Your instruction to increase children's phonemic awareness can include various activities in blending and segmenting words. Clearly, however, you should provide your students with instruction that is appropriate for their level of literacy development. If you teach younger children or less able, older readers, your instruction should begin with easier activities, such as having children identify and categorize the first phonemes in words. When the children can do these activities, move them on to more difficult ones.
You can use a variety of teaching methods that contribute to children's success in learning to read. However, teaching one or two types of phoneme manipulation--specifically blending and segmenting phonemes in words--is likely to produce greater benefits to your students' reading than teaching several types of manipulation.
Teaching your students to manipulate phonemes along with letters can also contribute to their reading success.
Your instruction should also be explicit about the connection between phonemic awareness and reading. For example:
Teacher: Listen: I'm going to say the sounds in the word jam--/j/ /a/ /m/. What is the word?
Teacher: You say the sounds in the word jam.
Children: /j/ /a/ /m/.
Teacher: Now let's write the sounds in jam: /j/, write j; /a/, write a; /m/, write m.
Teacher: (Writes jam on the board.) Now we're going to read the word jam.
Phonemic awareness instruction can help essentially all of your students learn to read, including preschoolers, kindergartners, first graders who are just starting to read, and older, less able readers.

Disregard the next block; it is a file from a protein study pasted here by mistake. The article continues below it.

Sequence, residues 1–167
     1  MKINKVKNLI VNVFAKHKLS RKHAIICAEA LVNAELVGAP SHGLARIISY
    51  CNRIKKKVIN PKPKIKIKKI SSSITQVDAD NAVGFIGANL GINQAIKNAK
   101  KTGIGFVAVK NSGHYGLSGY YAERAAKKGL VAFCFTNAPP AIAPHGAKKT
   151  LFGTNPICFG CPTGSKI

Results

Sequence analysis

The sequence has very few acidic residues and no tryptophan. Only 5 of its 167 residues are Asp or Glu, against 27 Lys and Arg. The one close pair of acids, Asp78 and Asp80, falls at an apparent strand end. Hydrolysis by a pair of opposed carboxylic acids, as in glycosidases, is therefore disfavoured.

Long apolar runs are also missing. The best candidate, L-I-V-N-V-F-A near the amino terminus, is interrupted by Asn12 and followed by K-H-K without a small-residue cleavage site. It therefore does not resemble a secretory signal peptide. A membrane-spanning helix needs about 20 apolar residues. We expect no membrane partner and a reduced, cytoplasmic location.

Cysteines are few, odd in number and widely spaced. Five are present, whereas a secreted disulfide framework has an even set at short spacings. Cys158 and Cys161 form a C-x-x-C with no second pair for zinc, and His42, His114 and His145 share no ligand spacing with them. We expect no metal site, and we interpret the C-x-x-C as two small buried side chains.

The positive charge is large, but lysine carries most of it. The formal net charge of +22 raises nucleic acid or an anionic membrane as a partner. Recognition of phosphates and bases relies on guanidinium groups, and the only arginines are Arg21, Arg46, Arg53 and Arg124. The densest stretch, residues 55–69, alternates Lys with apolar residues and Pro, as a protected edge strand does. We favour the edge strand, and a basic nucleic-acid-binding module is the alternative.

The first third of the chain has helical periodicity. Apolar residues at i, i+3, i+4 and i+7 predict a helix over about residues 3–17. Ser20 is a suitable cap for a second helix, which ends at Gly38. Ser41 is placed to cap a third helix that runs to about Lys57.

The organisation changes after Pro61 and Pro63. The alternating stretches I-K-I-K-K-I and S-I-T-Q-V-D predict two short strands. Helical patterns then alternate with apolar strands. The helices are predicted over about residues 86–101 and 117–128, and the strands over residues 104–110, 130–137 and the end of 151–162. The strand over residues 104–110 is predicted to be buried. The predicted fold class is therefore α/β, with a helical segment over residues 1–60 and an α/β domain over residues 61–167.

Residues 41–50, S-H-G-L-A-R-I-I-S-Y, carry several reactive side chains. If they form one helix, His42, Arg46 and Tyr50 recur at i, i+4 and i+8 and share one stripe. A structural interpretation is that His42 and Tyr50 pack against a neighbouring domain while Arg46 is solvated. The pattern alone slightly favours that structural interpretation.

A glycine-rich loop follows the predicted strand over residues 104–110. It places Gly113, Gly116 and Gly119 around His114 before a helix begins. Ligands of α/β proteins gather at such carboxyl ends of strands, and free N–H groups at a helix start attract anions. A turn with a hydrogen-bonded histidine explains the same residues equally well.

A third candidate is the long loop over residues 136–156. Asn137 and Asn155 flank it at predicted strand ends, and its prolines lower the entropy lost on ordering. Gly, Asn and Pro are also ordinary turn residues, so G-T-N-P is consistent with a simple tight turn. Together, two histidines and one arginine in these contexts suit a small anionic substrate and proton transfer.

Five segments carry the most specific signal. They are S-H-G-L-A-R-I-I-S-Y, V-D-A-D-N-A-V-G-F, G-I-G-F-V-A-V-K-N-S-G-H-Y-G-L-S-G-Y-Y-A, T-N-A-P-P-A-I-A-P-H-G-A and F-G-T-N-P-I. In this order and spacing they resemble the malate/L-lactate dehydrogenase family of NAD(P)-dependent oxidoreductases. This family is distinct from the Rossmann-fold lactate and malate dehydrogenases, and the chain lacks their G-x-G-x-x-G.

Phonemic awareness instruction can help most of your students learn to spell. Instruction can be effective with preschoolers, kindergartners, and first graders. It can help children from all economic levels.
You do not need to devote a lot of class time to phonemic awareness instruction. Over the school year, your entire phonemic awareness program should take no more than 20 hours.
Your students will differ in their phonemic awareness. Some will need more instruction than others. The best approach is to assess students' phonemic awareness before you begin instruction. Assessment will let you know which students do and do not need the instruction, which students should be taught the easier types of phoneme manipulation (such as identifying initial sounds in words), and which should receive instruction in more advanced types (such as segmenting, blending, deletion/addition, and substitution).
In general, small-group instruction is more effective in helping your students acquire phonemic awareness and learn to read. Small-group instruction may be more effective than individual or whole-group instruction because children often benefit from listening to their classmates respond and receive feedback from the teacher.
Yes. Bear in mind, however, that phonemic awareness instruction is not a complete reading program; it cannot guarantee the reading and writing success of your students. Adding well-thought-out phonemic awareness instruction to a beginning reading program or to a remedial reading program is very likely to help your students learn to read and spell. Whether these benefits are lasting, however,will depend on the comprehensiveness and effectiveness of the entire literacy curriculum.
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Phonemic awareness instruction is most effective